Can I register my trademark?

Trademark law governs whether a trademark is protectable through federal registration.  Some categories of trademarks are automatically unprotectable, for example, if they are too generic or descriptive.  Beyond this, a trademark may qualify for registration if it is not confusingly similar with a prior mark.  Often, a trademark clearance search is required to identify relevant prior marks and whether the proposed mark is confusingly similar with any of them.  Trademark clearance searching should be performed by a qualified and experienced trademark attorney.  Although one can always prepare and file a trademark application without conducting such analysis, this is not generally recommended. 

How do I register my trademark?

Obtaining a registered trademark is a legal process.  Proper pre-filing work—like trademark clearance searches and analysis—should be conducted.  After this, trademark applications must be carefully and precisely drafted with understanding of trademark law and regulations and the relevant goods and/or services.  Once prepared, a trademark application is filed with the United States Patent and Trademark Office (USPTO) (or other trademark office as applicable).  The application is assigned to a trademark examining attorney and substantively examined.  Applications may be rejected for any number of legal reasons.  However, if proper pre-filing work has been performed, the risk of rejection is significantly reduced.  In any event, if the trademark application is rejected, the trademark attorney addresses the rejections with facts and case law to obtain the broadest possible rights for the applicant.  The overall trademark examination process can last for months or even a year or more.  According to current USPTO statistics, the total duration of the trademark examination process is about ten (10) months.  The USPTO has helpful resources to educate yourself about the trademark registration process.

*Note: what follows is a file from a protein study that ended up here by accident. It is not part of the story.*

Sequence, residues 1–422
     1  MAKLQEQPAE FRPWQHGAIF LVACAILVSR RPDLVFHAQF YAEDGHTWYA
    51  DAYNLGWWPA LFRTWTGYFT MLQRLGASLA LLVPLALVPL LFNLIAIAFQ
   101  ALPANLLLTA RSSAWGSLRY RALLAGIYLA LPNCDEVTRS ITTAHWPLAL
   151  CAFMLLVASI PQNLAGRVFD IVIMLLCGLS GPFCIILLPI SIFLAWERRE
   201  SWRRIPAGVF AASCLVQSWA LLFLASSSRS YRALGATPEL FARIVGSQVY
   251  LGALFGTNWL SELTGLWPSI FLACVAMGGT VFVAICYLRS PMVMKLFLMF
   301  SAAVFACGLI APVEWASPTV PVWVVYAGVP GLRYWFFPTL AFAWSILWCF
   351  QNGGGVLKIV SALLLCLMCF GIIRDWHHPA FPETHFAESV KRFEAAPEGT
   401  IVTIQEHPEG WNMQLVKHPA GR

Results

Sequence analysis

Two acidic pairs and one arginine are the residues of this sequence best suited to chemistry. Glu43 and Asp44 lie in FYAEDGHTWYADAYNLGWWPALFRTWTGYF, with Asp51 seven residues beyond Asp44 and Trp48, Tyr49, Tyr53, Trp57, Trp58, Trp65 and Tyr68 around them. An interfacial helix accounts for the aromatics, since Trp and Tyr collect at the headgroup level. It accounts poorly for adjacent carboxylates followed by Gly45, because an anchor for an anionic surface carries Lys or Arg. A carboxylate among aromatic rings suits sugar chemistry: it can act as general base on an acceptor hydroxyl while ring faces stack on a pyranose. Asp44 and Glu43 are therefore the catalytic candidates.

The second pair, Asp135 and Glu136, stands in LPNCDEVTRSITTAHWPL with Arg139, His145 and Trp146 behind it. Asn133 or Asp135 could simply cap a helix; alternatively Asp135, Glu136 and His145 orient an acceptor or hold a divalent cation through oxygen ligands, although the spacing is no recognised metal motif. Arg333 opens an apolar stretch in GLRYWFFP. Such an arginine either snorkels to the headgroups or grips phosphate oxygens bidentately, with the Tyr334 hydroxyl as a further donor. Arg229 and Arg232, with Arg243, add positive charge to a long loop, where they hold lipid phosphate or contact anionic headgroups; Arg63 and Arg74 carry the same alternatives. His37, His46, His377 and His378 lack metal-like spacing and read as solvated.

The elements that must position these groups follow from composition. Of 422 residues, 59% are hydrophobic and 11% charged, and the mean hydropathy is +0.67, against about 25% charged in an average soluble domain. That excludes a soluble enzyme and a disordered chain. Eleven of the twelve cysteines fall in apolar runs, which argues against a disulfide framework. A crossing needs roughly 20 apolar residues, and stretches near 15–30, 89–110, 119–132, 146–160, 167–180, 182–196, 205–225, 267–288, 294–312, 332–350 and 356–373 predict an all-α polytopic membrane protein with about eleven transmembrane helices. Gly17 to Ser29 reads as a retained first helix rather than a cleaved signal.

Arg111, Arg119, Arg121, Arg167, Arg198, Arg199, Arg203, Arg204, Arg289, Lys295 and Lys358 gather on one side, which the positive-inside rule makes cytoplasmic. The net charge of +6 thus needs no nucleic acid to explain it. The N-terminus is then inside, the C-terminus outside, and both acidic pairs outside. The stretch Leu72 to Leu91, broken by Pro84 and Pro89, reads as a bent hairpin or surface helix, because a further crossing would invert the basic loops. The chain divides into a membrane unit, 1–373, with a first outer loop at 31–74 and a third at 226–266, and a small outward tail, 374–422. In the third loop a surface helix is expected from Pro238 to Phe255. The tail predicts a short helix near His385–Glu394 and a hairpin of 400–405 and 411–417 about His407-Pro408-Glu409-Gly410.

How much does it cost to register a trademark?

The exact cost of registering a trademark varies as a function of the breadth of goods and services the applicant wants to cover with the mark.  But generally, the median cost of the first steps of trademark clearance, search, opinion, and application in the United states is around $2,000 (less government fees, which start at $225).  Project CIP prides itself on performing this work at a cost significantly below this.  We offer trademark clearance searches at $700 and trademark application and filing at $400.  Most trademarks can be registered at an overall cost of around $1,750.